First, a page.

At the same time, new COVID regulations and social response to diversity movements led employers to build or implement more compliance and DEI applications. The past year also saw the Great Resignation, resulting in more focus on improving recruiting and workforce planning modules.

 

Unified Workforce Experience

It’s unlikely that one system or an organization’s legacy systems can address all these new requirements. Therefore, to create the unified experience it’s important to determine if your existing applications have real-time integration capabilities (Web API’s). If not, upgrades to your applications should be a high priority. When looking to acquire new applications, find applications that allow bi-directional Web API’s for optimal EDX. Be cautious that many Software-as-a-Service (SaaS) solutions only allow outbound Web API’s, not inbound.

If each application in your HR technology environment offers web-services, then any deficiencies in one application can be addressed by another application. For instance, if the talent management applications offer limited reporting capabilities, talent information can be shared with a separate workforce analytics application that could provide dashboards and business intelligence across the multitude of databases. The portal should also be able to support information workflows across applications, even if an individual application doesn’t offer the workflow automation. For example, if a recruiting system doesn’t have on-line job requisition approval capabilities, with web services this function could be built in the portal, which could then update the recruiting system.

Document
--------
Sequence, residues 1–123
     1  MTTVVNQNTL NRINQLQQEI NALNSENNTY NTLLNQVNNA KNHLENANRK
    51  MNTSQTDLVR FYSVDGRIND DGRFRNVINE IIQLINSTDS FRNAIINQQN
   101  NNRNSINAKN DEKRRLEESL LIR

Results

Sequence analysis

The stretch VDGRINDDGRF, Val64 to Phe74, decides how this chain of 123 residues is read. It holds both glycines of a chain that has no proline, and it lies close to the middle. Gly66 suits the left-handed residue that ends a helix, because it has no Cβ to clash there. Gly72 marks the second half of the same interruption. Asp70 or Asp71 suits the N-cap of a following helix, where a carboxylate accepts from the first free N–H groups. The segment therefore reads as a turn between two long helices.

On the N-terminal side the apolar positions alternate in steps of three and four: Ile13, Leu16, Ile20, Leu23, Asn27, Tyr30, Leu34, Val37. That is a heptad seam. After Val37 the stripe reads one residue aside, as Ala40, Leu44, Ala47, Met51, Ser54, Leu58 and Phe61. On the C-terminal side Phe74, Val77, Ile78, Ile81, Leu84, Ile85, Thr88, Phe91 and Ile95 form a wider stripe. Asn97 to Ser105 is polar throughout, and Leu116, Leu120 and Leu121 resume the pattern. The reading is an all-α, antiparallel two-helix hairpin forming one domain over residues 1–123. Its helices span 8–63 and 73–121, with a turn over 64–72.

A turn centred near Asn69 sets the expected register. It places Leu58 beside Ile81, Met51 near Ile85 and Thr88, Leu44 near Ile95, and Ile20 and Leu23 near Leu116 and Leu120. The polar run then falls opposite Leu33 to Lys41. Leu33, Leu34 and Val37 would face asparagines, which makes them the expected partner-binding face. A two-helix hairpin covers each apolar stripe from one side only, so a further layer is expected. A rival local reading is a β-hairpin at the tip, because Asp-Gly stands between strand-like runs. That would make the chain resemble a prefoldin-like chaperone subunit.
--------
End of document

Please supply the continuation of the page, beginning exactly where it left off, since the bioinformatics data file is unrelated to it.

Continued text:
Consider where interoperability is needed, such as a collaboration application that needs people assignment information residing in core applications and role-based skills taxonomy usually residing in talent management applications, to automatically direct employees to the right content and right teams for their work.

Also, if one application doesn’t allow customizations to fields or processes for unique company requirements, consider whether another application in the environment will allow the customization with systems integration to support a seamless workflow.

With a focus on digital experience and application integration in your organization’s HR technology roadmap, employers can create the unified and seamless environment, bridging the new multitude of applications and support HR and employee adoption.


End Notes

1 https://hrexecutive.com/4- reasons-global-hr-tech- investment-is-surging-in-2021/
2 Definition of Integration Platform as a Service (iPaaS) – IT Glossary |Gartner, https:// gtnr.it/32Xf77S
3 Global iPaaS Market witnessing 40.4% CAGR during 2020– 2025 (vynzresearch.com), https://bit.ly/35PFwpo
4 https://kissflow.com/digital- workplace/key-takeaways- from-the-state-of-digital- workplace-2019-report/
5 https://www2.deloitte.com/ us/en/pages/human-capital/ articles/payroll-operations- survey.html
6 https://en.wikipedia.org/wiki/ Web_API

Jessa Kilgore

Jessa Kilgore is an industry leader with more than 25 years of increasing Human Resources Information Systems contributions, advising businesses on the use of technology to enable business strategy and execution. She is a known leader in human capital management systems (HCMS) industry speaking nationally and published globally on industry trends. Jessa is the past chair and founding Board Director of the Professional Exchange of HR Solutions (PEHRS) and former Board Director for IHRIM, and now is the WSR’s Co-Managing Editor. In her career, she has worked as both an independent consultant, implementing HR and workforce systems, and as an in-house leader of HR systems and operations management. Currently, she manages the global HR technology environment for Orrick Herrington & Sutcliff LLP. She can be reached at jkilgore@orrick.com.